Liberty timeline

Liberty was founded in 1934 as the National Council for Civil Liberties, and we have campaigned to protect and promote our fundamental rights and freedoms for 80 years.

Browse our timeline to see key dates from our long history and find out about our campaigns, from mental health reform to privacy protection and peaceful protest.


1934 - Liberty is founded

Liberty is founded by Ronald Kidd as the National Council for Civil Liberties (NCCL), prompted by police brutality towards peaceful protesters during the Hunger Marches and the “general and alarming tendency to encroach on the liberty of the citizen.” Early members include Vera Brittain and E. M. Forster.

Ronald Kidd and Sylvia ScaffardiRonald Kidd and Sylvia Scaffardi

An early NCCL priority was to tackle the rise of fascism in the UK. Despite British troops fighting for freedom and democracy abroad, at home fascism and anti-Semitism were on the increase.

Anti-facism snake poster


1937 - Harworth Colliery Strike

The NCCL investigates the arrest and heavy sentencing of the leaders of the miners’ strike at Harworth Colliery, exposing bias against the strikers from members of the authorities.

The strike was called at Harworth Colliery following the owners’ decision to make membership of the company union a condition of employment, with those who refused locked out and replaced. Striking miners were harassed by the police, and the leaders were arrested and given disproportionately heavy sentences. 

The NCCL led a public campaign to help the strike leaders, collecting 25,000 petition signatures. Here Ronald Kidd delivers the petition to the Home Office.

Ronald Kidd with Haworth Strike Petition 1937

Ronald Kidd with Haworth Strike Petition in 1937.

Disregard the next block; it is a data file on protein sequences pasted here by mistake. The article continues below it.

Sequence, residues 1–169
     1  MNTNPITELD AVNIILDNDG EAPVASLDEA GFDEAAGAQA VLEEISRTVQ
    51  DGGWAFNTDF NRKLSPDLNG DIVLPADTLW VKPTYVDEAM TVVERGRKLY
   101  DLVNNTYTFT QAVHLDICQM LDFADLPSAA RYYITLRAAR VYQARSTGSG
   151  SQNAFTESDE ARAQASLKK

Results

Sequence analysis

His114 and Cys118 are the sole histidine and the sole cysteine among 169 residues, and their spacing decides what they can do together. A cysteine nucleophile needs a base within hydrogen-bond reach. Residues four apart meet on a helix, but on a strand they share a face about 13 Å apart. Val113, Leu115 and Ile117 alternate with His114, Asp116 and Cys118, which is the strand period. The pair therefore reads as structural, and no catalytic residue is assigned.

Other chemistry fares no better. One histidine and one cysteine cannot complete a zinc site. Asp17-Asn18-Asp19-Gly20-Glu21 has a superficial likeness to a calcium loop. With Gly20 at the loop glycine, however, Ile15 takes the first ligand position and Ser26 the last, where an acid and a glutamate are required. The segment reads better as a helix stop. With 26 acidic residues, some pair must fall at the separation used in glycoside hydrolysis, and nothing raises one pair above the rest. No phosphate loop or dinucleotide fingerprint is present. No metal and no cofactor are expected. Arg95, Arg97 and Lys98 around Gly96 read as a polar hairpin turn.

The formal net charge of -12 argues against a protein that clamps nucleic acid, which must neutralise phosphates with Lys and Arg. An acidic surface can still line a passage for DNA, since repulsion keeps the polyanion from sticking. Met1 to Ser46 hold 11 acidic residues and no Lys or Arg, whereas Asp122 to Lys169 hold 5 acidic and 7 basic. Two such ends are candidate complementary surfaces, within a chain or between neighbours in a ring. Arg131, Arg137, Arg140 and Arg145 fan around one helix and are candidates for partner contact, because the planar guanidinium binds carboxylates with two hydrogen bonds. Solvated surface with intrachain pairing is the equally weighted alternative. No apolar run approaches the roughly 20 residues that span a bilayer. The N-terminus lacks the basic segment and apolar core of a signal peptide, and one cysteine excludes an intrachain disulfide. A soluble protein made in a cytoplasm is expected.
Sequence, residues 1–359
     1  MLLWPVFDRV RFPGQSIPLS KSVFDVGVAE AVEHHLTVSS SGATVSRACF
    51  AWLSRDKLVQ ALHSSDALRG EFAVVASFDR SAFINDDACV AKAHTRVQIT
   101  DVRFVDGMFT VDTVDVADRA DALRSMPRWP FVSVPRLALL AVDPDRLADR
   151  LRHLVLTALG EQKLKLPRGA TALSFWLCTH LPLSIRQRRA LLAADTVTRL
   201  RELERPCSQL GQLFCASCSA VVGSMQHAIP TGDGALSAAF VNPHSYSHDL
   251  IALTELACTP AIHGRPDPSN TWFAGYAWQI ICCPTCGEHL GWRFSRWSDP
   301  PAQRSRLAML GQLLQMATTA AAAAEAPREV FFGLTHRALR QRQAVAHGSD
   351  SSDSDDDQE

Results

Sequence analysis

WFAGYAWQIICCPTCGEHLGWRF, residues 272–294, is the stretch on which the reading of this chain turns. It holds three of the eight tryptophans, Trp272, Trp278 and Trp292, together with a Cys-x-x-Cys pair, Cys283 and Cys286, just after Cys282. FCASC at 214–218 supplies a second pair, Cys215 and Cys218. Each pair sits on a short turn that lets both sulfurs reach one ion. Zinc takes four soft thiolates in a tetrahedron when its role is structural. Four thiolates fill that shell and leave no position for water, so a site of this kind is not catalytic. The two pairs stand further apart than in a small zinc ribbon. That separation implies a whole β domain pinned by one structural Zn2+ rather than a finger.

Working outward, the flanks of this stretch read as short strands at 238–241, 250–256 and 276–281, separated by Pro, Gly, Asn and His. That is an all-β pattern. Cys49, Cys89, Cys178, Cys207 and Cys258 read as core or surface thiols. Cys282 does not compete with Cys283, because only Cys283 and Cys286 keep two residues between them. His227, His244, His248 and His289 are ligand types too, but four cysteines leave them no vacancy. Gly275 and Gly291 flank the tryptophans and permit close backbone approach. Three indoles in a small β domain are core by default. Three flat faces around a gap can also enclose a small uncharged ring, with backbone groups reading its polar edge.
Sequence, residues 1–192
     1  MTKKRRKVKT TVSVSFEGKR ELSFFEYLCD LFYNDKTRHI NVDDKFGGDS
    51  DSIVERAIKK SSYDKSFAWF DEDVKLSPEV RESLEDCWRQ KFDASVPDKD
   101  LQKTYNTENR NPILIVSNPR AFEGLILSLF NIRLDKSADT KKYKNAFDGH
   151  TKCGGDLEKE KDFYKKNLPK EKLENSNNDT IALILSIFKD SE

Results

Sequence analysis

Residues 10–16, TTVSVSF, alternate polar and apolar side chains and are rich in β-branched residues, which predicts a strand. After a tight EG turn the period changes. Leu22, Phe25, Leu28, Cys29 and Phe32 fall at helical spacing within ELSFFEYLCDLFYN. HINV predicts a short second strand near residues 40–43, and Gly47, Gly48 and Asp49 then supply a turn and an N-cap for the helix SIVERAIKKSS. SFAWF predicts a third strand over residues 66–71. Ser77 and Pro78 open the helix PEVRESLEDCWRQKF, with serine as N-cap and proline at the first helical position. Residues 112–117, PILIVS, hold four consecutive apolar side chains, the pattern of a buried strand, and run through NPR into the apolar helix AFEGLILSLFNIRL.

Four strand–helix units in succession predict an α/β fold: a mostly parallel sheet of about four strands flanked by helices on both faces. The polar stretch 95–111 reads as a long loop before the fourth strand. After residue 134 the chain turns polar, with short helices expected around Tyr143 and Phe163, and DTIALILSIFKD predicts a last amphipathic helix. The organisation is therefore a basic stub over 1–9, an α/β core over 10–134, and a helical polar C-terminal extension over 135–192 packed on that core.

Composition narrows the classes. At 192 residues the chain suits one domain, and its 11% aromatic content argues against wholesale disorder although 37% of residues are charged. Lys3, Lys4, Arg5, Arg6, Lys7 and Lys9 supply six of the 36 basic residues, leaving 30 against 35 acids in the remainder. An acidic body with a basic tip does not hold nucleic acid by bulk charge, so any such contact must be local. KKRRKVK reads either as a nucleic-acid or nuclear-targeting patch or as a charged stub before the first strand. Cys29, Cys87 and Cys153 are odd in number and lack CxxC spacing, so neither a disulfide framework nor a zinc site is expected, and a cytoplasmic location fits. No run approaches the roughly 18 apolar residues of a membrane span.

1938 - Press censorship

The NCCL organises its first conference – on press censorship and the Official Secrets Act.

Press Freedom Mass Meeting

Press Freedom Mass Meeting


1942 - Founder Ronald Kidd dies

Founder Ronald Kidd dies aged 53. Elizabeth Acland Allen takes over as General Secretary.

A major conference on wartime press freedom attracts thousands of delegates.


1947 - An international conference and the 'Jane' case

The NCCL organises an International Conference on Human Rights, with representatives attending from 15 countries.

The NCCL takes up its first major mental health case, the ‘Jane’ case. ‘Jane’ had been wrongly detained in a senile ward of a mental health institution after giving birth to an illegitimate child and being refused shelter by her father.


1949 - Racism in the Carrington House case

Widespread race discrimination and an effective ‘colour bar’ is exposed when NCCL defends 14 black men charged with affray in the Carrington House case.

Carrington House was a hostel in Deptford which housed around 50 West African immigrants who were directed there by the Colonial Office. 

The men faced increasing antagonism from the local community and had difficulty finding jobs or being served. In 1949 14 of the men were arrested for ‘affray.’ 

The NCCL arranged their defence and the majority were acquitted, exposing severe race discrimination.


1951 - 50,000 Outside the Law

The NCCL publishes 50,000 Outside the Law, a groundbreaking report on those unjustly incarcerated under the 1913 Mental Deficiency Act.

50,000 outside the law50,000 outside the law poster.


1957 - Mental health reform

After years of NCCL campaigning to reform the mental health system, a Royal Commission report vindicates their arguments with almost 2,000 patients released by 1958.


1959 - The Mental Health Act 1913 is abolished

The Mental Health Act 1913 is abolished and new Mental Health Review Tribunals established, at which Liberty regularly represents the interests of patients.


1960 - Protecting the right to protest

Freedom of speech and assembly becomes a major civil liberties issue following the government response to the activities of the Campaign for Nuclear Disarmament (CND) and the Committee of 100 (an anti-war group).

The NCCL investigates police behaviour at demonstrations.


1963 - Challenor case

The Cobden Trust (later the Civil Liberties Trust) is founded as a research and charitable arm.

Landmark Challenor case taken:

Four young people taking part in a demonstration were accused of carrying weapons. All stated that the weapons (half bricks) had been planted on them by Sergeant Harold Challenor.